Should the Use of Boric Acid be Banned?

By Frédéric Raynal, Chief Technology Officer, aveni, S.A.

There’s a famous quote that says you never change things by fighting the existing reality. To change something, build a new model that makes the existing model obsolete. I pondered this quote after reading an excellent article (1) that appeared recently in the Journal of the Electrochemical Society. The article posits that boric acid has multiple functions in cobalt electroplating and superfill, but says nothing about its dangers.

However, there is a revolution underway. Cobalt is replacing copper, with major device makers now using it in metal plugs in their 10 nm and below technologies. This significant shift is underway because cobalt’s resistance and electro migration characteristics are more adapted/efficient/suitable at this node.

While Boric acid is an effective antifungal, antibacterial and insecticide, a full understanding of its role is lacking any real consensus in the scientific world. In fact:

  • The lowest pKa of boric acid is 9.28, which is far from the classical pH=4 used in the processes. Even if higher concentrations of the compound induce lower pKa, it never really goes under pH=5 in the bulk for buffer effects.
  • Metal complexes of nickel borate are known but their stability constant is so low that they are virtually undetectable on the surface. Moreover, no publication has demonstrated the existence of cobalt borate complexes.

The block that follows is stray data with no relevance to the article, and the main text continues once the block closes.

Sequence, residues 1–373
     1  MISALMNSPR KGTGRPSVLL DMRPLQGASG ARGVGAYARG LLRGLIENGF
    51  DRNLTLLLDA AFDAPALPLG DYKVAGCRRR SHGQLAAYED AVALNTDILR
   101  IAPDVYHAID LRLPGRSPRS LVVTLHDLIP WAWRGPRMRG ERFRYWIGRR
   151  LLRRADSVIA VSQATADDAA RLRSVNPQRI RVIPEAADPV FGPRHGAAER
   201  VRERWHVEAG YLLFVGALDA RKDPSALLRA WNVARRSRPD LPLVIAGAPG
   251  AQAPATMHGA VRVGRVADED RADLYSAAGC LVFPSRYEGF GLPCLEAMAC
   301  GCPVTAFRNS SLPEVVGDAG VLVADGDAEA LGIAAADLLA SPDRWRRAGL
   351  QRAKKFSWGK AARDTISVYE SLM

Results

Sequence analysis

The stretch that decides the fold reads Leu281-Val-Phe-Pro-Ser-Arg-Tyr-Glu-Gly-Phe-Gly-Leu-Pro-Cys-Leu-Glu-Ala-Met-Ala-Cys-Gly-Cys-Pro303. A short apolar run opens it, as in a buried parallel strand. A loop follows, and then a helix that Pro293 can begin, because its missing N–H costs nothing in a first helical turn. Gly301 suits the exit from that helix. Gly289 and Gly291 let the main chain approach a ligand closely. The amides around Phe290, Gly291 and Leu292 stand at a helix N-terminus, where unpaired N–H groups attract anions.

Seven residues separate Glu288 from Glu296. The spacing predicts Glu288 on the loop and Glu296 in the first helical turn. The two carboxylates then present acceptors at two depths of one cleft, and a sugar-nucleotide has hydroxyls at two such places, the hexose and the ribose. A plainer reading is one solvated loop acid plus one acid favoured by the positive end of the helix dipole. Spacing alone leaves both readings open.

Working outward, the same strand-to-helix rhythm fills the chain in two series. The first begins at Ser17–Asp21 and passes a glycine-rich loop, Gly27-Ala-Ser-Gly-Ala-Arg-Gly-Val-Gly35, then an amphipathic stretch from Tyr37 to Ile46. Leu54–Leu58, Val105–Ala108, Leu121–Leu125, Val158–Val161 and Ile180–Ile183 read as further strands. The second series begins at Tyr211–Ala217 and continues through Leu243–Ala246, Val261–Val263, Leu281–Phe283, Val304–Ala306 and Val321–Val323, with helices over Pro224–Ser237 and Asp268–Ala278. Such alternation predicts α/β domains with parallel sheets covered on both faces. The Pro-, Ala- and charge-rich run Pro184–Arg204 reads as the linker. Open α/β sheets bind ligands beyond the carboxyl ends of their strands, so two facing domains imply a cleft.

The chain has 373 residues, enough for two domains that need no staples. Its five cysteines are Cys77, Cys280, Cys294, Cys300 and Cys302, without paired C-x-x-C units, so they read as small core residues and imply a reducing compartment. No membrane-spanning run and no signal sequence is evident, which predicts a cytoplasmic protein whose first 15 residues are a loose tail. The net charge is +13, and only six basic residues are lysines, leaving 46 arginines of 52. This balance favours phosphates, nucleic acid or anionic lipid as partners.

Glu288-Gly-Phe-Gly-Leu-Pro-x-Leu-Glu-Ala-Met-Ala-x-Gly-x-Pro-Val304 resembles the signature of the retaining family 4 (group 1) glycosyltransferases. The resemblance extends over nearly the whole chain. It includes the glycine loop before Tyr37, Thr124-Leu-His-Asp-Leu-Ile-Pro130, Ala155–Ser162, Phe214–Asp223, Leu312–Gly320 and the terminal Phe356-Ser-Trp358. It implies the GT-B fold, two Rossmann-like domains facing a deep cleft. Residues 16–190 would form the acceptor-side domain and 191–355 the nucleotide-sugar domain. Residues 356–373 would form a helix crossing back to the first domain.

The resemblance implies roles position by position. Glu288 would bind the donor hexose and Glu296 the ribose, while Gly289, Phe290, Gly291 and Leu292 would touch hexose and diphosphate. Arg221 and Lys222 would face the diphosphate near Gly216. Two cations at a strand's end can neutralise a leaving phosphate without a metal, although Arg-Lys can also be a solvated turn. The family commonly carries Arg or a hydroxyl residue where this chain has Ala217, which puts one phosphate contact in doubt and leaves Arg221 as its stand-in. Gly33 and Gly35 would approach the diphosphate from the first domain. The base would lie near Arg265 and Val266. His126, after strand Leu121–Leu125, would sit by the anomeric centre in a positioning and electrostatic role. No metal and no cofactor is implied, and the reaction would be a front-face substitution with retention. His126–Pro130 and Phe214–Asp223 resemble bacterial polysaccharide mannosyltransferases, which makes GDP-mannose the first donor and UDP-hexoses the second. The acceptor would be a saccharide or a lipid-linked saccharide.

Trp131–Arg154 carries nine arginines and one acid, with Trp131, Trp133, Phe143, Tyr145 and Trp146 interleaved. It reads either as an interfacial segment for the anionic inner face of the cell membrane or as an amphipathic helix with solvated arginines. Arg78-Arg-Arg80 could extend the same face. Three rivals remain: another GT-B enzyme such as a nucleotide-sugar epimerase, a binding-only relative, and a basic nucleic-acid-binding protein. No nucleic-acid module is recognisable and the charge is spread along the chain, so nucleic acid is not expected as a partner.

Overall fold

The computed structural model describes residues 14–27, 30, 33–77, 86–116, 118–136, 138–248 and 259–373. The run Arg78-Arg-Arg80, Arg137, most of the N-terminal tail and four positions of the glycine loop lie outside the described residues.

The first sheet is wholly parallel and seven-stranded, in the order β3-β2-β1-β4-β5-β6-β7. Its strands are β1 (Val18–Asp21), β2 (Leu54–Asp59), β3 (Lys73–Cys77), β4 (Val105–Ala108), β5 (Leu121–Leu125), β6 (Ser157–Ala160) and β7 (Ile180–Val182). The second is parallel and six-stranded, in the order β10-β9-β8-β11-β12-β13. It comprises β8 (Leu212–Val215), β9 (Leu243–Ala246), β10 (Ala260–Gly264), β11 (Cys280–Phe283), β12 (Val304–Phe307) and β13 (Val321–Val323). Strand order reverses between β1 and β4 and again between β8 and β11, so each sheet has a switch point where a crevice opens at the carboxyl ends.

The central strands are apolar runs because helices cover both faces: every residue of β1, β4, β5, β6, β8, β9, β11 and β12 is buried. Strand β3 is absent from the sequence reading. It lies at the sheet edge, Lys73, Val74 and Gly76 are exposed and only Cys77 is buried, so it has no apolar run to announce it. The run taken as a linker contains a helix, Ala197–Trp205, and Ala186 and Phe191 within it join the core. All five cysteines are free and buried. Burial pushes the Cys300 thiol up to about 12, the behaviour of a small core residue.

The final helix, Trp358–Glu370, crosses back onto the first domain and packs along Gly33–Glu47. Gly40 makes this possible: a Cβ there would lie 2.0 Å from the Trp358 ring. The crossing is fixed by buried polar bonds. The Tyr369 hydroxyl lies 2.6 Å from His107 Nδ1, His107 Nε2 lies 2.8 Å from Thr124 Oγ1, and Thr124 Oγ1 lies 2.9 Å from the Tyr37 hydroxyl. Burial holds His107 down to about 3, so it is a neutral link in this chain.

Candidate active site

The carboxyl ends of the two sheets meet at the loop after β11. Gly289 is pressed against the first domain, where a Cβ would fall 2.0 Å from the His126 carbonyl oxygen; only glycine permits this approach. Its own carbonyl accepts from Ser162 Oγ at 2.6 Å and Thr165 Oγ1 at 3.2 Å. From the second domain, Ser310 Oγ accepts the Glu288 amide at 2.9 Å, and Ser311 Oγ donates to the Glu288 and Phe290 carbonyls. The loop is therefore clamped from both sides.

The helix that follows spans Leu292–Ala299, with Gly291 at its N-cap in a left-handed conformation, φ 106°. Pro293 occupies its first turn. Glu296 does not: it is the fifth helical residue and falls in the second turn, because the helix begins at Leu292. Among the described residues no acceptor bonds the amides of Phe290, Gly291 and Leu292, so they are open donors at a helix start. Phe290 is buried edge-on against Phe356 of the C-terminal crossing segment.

• Cobalt crystallography induced by boric acid, and its impact on conductivity, has never been thoroughly explored at the nanoscale dimension.
  • No publication has found that boric acid alone has a bottom-up effect.

Chemical suppliers and foundries around the world have conducted their own research into the use of boric acid, as has the European Union regulations organization REACH, whose mandate is to identify and rule on substances of very high concern (SVHCs). In July 2015, boric acid and borate salts were added to SVHCs and were recommended for inclusion in the authorization list. According to the authorities, these substances could damage fertility and unborn children.

I believe it’s only a matter of time before these substances are banned altogether, and moved to Annex XIV where chromates or phthalates are currently listed. Until then, factories with concentrations higher than 15-20 g/l of boric acid must be extremely careful while working with these substances and the disposal of their chemical waste closely monitored.

Our strategy at aveni is simply to avoid the use of boric acid altogether. Our formulation:

  • Decreases the pH to 2-2,5 range to avoid oxides and hydroxides formation and to yield very low resistivity.
  • Adds a natural product that acts as a buffer at the aforementioned pH range.
  • Uses chlorides instead of sulfates to avoid protons and water reductions (2).
  • Allows us to make the trench fill AND the overburden in one step, in one tool, with one formulation.

Most important, our solution is free of boric acid.

In conclusion, while boric acid has its advantages in cobalt plating, its use is waning due to a myriad of safety concerns. aveni’s solution is positioned—to paraphrase Buckminster Fuller—to make the existing technology obsolete.

1) Matthew A. Rigsby, Tighe A. Spurlin, and Jonathan D. Reid, Journal of The Electrochemical Society, 2020 167 112507
2) N. Zech, D. Landolt, Electrochimica Acta 45 (2000) 3461–3471

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